Disney’s resort at Disneyland is planning to relocate workers from some of its hotels in the state, the company said Thursday, the latest in a series of moves in response to the Great Recession.
The move comes as a record number of Americans are returning to work and a number of other states have announced plans to make major cuts to their economies, especially as the country struggles to recover from the recession.
Disney, the world’s largest theme park operator, said it plans to open about 3,600 of its resort’s 6,400 guest rooms, a total that includes 2,600 hotel rooms and about 900 parking garages.
The company said it will hire 2,400 people to work in parks across the state in the coming months and is also working to bring new workers to the region.
Disney has been in discussions with its hotel and resort partners, including Marriott Resorts International, about moving jobs from its hotels and resorts, according to a person familiar with the matter.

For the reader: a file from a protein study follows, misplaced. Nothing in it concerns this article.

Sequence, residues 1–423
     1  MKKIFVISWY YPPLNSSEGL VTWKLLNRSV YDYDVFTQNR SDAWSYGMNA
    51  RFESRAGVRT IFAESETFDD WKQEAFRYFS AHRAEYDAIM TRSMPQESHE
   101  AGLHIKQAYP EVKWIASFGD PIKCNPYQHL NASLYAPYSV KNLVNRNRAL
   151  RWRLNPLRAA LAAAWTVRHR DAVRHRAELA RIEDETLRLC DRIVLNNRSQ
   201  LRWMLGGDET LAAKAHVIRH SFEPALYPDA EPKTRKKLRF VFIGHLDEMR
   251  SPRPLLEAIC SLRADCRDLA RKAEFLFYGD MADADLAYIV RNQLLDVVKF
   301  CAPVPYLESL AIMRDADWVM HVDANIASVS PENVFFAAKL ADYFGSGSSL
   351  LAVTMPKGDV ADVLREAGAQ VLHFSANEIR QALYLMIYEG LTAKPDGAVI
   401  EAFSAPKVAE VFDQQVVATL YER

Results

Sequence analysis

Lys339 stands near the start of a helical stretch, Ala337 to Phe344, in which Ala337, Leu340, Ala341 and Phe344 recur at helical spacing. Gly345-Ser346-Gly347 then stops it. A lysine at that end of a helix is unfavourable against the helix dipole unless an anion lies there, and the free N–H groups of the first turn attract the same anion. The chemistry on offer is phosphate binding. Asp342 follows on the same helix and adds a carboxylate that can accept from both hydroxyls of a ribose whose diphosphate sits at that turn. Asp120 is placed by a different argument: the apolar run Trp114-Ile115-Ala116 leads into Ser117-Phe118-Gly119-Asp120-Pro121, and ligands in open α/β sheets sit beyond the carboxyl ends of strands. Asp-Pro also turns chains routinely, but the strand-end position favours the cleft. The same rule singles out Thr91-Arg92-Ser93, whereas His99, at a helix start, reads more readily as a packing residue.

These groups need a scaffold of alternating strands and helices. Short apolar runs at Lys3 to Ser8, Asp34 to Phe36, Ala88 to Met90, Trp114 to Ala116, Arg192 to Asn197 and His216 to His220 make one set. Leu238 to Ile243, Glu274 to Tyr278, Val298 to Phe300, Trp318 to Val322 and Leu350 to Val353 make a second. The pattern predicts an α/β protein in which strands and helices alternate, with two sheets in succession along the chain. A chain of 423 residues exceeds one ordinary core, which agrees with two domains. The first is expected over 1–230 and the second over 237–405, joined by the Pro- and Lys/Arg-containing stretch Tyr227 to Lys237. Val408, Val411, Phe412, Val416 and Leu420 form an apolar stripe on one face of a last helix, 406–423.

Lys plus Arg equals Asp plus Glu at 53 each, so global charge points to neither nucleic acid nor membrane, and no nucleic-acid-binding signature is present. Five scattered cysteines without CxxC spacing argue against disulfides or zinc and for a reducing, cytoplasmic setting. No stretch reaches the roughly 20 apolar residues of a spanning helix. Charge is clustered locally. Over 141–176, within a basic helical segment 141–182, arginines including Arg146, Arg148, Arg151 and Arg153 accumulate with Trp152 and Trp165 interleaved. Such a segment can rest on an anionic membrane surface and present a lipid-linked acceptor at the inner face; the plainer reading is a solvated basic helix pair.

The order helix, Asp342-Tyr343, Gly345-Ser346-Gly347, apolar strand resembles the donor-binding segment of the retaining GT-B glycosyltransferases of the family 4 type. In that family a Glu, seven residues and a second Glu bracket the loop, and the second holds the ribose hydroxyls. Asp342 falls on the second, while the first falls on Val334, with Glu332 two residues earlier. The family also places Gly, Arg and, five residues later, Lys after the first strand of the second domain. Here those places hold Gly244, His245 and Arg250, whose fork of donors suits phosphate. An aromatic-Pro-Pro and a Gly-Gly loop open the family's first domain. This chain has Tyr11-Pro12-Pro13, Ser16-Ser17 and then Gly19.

The person spoke on the condition of anonymity because the company wasn’t authorized to discuss such a move.
The people said Disney is planning a plan to expand its workforce by more than 10,000 over the next three years, with about 3.2 million hotel rooms in operation across the U.S. That would create about 9,500 jobs, or about one-third of the company’s total workforce of 11,000.
The plans are being reviewed by Disney’s labor-management team, the person said.
The workers are expected to start working at the resorts by late summer or early fall, Disney spokeswoman Lauren Dusil said.
A Disney spokeswoman said the company will provide additional details about its plans to its workers later this month.
The hotel industry has seen record growth in the past few years as people have returned to work after long stretches away from their homes.
Last year, the hotel industry reported a nearly 2% increase in hotel room occupancy as a result of the economic recovery, up from about 1.4% in 2016.
But in 2017, occupancy declined to its lowest level since 2007, a year when the recession began.